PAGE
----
Although the Viscount is in the news in June of 1949 because BEA has pretty clearly indicated that a purchase is on the way, it won't be until August of 1950 that a definitive 20 aircraft order is officially received. BEA's first proving aircraft flew a revenue/publicity service in the summer of 1950, and introduced regular services in April of 1953. By this time, orders were pouring in. As G. R. Edwards  of Vickers predicted in 1949, once passengers had a chance to experience the comparatively quiet and vibration-free environment of a turboprop, they had no desire to go back to hanging between 2000hp piston engines. The high block speed of over 300mph didn't hurt. Passengers enjoyed extra convenience, while operators made a higher profit from higher utilisation rates. Forty-two aircraft were on order by the end of 1953, 160 by the end of 1954. In 1957, Vickers Weybridge was producing 3 Viscounts a week, and the plane was selling even in the American market. 

So what I'm saying here is that, thanks to unexpected demand for the Viscount (and the Dart), resources are being sucked away from the Swift, maybe? The fact that Rolls Royce is able to mobilise mass production of the Dart and the Avon at the same time is pretty interesting, though. 

So every good thing must come to an end. Vickers took a bath attempting to follow up the Viscount with the Vanguard, with Fokker ironically showing that the way to go was to revert to the smaller, earlier versions of the Viscount, or something like it. The author of the Wikipedia article on the Viscount (the scholarship, it burns!) links to a lugubrious 1976 New Scientist article that shows that, from the perspective of that low down, dishonest decade, the Viscount was a fluke in a story of relentless failure. "More than £1500 million at 1974 prices has been ploughed into the country's civil aircraft and aero-engine industries since the Second World War. Less than £150 million has been recovered, and only one project --the Vickers Viscount-- has returned more to the national exchequer than it has absorbed." At a 1955 price of £235,000 per plane and 440 sold, it's not precisely clear how The New Scientist is totting up the numbers. The BAC 111, which sold 244 aircraft in a production run that extended through 1981, is listed as returning £6.1 million on a launching aid of £45 million, which seems like beyond awful management or questionable accounting. But what do I know?

Moving back to 1949, however, the industry has its biggest export success yet, ahead of it, albeit in the military market, as the Americans are persuaded to license and build an entire British design as the Martin B-57. The decision to adopt a British design over the three American medium jet bombers already in service in 1949 seems to confirm the wisdom of not going all in for interim designs. The B-57 also got a licensed-built British jet engine, although Martin went for the Armstrrong-Whitley J65, license-built by Curtiss-Wright as the J65. The urgency behind the B-57 may have had something to do with doubts within the USAF that they had an practical means of delivering the atomic deterrent. The B-36 controversy isn't being carried on with any excess of candour, and the Navy's plan to use P-2 Neptunes as interim atomic bombers is ridiculous.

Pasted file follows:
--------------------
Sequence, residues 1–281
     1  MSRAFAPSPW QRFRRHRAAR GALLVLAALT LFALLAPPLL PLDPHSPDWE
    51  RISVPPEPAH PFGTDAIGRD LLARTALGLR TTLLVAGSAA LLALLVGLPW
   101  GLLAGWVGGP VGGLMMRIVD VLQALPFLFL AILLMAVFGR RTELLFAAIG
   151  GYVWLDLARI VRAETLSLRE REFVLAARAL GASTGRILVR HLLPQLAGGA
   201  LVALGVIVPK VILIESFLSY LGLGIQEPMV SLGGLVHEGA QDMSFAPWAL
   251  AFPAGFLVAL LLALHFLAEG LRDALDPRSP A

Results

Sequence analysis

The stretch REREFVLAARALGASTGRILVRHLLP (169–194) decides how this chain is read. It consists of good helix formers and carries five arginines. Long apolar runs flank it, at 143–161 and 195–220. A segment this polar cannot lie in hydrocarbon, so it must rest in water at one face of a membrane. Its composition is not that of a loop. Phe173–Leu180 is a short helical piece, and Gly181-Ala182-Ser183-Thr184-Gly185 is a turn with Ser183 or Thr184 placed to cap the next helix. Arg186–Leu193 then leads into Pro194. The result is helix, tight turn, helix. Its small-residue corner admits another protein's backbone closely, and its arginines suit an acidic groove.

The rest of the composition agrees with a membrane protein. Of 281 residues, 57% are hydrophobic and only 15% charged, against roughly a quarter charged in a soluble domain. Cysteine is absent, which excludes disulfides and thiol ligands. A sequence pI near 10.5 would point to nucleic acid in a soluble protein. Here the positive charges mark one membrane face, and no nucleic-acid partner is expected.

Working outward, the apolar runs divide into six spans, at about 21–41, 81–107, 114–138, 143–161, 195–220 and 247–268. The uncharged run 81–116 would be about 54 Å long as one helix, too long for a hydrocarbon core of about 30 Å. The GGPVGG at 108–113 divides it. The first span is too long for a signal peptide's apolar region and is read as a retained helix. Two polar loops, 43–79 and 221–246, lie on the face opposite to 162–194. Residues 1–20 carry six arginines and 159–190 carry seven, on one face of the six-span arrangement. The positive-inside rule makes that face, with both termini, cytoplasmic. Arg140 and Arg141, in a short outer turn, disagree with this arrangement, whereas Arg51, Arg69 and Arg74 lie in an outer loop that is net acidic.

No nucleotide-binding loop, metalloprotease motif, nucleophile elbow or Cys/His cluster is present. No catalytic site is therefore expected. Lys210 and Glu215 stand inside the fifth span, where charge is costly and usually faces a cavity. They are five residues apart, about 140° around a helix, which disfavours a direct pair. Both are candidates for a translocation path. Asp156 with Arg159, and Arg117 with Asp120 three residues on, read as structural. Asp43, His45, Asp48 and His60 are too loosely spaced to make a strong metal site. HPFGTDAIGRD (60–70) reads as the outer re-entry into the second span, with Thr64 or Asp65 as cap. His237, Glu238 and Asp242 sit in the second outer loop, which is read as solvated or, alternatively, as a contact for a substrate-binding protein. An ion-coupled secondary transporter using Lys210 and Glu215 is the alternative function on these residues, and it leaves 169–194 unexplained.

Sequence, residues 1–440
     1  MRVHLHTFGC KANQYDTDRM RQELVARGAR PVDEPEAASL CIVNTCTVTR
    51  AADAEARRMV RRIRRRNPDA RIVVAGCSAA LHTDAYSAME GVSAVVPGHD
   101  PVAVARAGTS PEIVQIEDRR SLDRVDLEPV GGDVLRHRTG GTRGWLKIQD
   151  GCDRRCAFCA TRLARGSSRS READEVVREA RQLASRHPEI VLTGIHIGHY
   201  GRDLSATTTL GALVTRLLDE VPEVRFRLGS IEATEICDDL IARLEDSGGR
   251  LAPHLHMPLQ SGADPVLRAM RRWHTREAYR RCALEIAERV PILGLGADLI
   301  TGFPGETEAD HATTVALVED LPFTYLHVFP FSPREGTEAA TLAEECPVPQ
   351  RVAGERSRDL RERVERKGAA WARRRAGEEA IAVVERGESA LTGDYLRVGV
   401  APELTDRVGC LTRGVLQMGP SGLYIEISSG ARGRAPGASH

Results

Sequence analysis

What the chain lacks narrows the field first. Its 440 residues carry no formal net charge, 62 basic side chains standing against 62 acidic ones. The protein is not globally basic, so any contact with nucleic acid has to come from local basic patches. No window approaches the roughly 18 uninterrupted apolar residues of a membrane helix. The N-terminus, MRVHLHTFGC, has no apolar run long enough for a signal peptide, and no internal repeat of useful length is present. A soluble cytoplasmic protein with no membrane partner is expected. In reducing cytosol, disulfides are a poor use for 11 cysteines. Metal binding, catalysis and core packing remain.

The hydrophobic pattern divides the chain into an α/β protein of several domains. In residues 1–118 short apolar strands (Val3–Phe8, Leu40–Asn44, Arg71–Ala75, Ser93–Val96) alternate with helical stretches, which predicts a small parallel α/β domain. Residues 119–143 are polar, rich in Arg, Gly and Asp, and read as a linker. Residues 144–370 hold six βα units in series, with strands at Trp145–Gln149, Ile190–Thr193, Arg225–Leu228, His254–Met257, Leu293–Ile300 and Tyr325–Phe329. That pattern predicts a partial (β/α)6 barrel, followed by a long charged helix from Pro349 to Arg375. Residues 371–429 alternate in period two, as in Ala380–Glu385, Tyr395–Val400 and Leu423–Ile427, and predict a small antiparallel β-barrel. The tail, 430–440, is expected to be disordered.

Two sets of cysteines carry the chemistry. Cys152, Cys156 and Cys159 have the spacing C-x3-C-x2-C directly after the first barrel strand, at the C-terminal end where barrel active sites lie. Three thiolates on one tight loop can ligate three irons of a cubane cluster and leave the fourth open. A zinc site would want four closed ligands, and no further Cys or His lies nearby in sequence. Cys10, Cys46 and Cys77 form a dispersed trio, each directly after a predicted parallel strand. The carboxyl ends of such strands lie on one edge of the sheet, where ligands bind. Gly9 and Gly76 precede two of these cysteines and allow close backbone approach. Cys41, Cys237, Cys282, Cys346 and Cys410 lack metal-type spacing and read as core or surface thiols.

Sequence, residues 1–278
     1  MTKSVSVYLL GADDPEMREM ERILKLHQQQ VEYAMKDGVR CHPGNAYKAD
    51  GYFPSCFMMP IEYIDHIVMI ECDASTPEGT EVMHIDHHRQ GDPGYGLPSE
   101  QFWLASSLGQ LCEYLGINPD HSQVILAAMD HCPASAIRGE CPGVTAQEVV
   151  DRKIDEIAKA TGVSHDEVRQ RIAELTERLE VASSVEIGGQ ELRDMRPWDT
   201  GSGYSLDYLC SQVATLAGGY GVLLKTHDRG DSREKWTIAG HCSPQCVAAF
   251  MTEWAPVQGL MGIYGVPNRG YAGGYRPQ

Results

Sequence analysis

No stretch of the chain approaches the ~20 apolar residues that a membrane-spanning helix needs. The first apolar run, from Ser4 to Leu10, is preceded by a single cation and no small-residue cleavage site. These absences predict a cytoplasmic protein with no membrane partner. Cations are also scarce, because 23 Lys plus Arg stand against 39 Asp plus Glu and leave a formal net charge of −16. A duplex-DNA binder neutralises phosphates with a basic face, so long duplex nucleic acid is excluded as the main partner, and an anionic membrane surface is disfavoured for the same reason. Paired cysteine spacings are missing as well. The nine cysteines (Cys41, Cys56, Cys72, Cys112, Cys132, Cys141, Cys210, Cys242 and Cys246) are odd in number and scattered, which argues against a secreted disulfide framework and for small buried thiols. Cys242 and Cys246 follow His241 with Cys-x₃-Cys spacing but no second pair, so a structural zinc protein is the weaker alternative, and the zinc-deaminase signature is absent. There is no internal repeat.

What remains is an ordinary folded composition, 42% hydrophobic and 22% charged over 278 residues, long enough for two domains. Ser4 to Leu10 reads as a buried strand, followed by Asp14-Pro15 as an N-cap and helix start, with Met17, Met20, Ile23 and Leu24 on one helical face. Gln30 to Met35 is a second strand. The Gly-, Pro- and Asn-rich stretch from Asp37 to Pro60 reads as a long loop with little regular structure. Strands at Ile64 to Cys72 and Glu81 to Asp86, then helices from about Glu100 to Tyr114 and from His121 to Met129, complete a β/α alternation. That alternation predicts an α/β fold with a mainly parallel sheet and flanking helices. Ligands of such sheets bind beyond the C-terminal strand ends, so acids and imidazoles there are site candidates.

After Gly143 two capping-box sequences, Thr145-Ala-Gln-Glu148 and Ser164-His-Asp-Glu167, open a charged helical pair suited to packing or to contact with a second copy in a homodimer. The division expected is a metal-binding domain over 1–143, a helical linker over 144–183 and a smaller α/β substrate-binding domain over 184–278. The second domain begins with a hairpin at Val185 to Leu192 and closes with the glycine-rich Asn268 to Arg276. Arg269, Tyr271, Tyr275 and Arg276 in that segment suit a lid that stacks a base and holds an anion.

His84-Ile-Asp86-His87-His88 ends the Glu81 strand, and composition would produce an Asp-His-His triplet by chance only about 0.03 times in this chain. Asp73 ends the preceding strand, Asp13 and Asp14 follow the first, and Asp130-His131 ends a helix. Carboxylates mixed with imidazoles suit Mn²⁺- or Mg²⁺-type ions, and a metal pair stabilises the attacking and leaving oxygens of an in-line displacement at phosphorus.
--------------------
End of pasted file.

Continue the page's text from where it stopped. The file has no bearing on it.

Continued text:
This might require some comment, as I've hitherto only noted the problem on the surface ship side. The munition is also a bit of a problem. Reasoning from the the limited on the bomb bay size of the maritime reconnaissance plane, which precludes it carrying Mark 4, a less sensitive and somewhat more powerful version of "Fat Man," dropped on Nagasaki, the Navy comes around to demanding production of a modified Mark 1, the "Little Boy" enriched-uranium gun-type bomb used at Nagasaki, on the grounds that it would be a good weapon to use against the submarine pens the Russians haven't built yet, but might. The thing is that Little Boy uses highly enriched uranium, which is much more scarce than plutonium. At the moment, the Americans are producing enriched uranium to feed reactors that need it to initiate chain reaction. The reactors, at this point power sinks rather than power plants, are needed to produce plutonium, but also the neutrons required to irradiate the polonium for the initiators, which have a short half live requiring constant renewal. As the repercussions of the Soviet atom bomb test roil through the American security establishment and Congress' febrile positioning for the 1950 midterms and the 1952 Natural-Governing-Party-Returns-At-Last Presidential election, America will add tritium to the list of scarce strategic materials that compete with highly enriched uranium. 

All of this will ultimately lead to the Mark 5 atom bomb, which reduces the Fat Man's 60" diameter to 39" by using a composite uranium/plutonium core. The context here is a lot of reactor-building, and, for that to be financially possible, McCarthy and the Korean War. The Mark 5 is Neptune, and, more importantly, Canberra-deliberable. While the B-57 hasn't even vaguely intercontinental in range, but it does have the speed and altitude to do what the B-36 and B-47 are misleadingly claimed to be capable of doing. I guess this story really comes to an end with the B-52, although the fact is that the land-based leg of the American strategic triad is always going to be a sore point for the Air Force just because Moscow is so damned far away. 

It's too bad, because maybe if the Americans had been persuaded to license build the Victor, the British aerospace sector wouldn't have ended up being a "net loss to national welfare." 

This post hasn't got very far past other ones in understanding just how the story became one of "net loss to national welfare." Did aerospace fail Britain all on its own, or is this an exogenous story of chickenshit politicians being afraid to put their money where their mouths were? As opposed to being slow to recognise sunk-cost fallacies as we more commonly, and perhaps, cynically now say. 

One thing's for sure: The last summer before Korea is shaping up to be Britain's summer of speed. 

1 comment:

  1. I think that you mean that the J65 was a license-built Sapphire